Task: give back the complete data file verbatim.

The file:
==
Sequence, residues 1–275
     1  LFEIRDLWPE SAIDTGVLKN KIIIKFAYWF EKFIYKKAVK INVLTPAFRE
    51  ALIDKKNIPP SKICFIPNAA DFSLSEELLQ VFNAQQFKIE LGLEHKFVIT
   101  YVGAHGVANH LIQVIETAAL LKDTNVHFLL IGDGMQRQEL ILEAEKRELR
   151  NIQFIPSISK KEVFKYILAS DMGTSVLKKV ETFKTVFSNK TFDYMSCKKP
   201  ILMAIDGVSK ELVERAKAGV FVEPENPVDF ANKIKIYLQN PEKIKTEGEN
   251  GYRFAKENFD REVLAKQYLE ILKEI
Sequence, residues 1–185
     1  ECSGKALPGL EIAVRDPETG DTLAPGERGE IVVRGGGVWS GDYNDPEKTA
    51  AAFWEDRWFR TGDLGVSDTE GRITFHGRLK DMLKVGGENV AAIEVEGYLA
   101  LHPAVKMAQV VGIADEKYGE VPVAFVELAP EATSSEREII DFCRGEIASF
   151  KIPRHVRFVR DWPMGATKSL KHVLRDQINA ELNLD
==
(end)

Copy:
Sequence, residues 1–275
     1  LFEIRDLWPE SAIDTGVLKN KIIIKFAYWF EKFIYKKAVK INVLTPAFRE
    51  ALIDKKNIPP SKICFIPNAA DFSLSEELLQ VFNAQQFKIE LGLEHKFVIT
   101  YVGAHGVANH LIQVIETAAL LKDTNVHFLL IGDGMQRQEL ILEAEKRELR
   151  NIQFIPSISK KEVFKYILAS DMGTSVLKKV ETFKTVFSNK TFDYMSCKKP
   201  ILMAIDGVSK ELVERAKAGV FVEPENPVDF ANKIKIYLQN PEKIKTEGEN
   251  GYRFAKENFD REVLAKQYLE ILKEI
Sequence, residues 1–185
     1  ECSGKALPGL EIAVRDPETG DTLAPGERGE IVVRGGGVWS GDYNDPEKTA
    51  AAFWEDRWFR TGDLGVSDTE GRITFHGRLK DMLKVGGENV AAIEVEGYLA
   101  LHPAVKMAQV VGIADEKYGE VPVAFVELAP EATSSEREII DFCRGEIASF
   151  KIPRHVRFVR DWPMGATKSL KHVLRDQINA ELNLD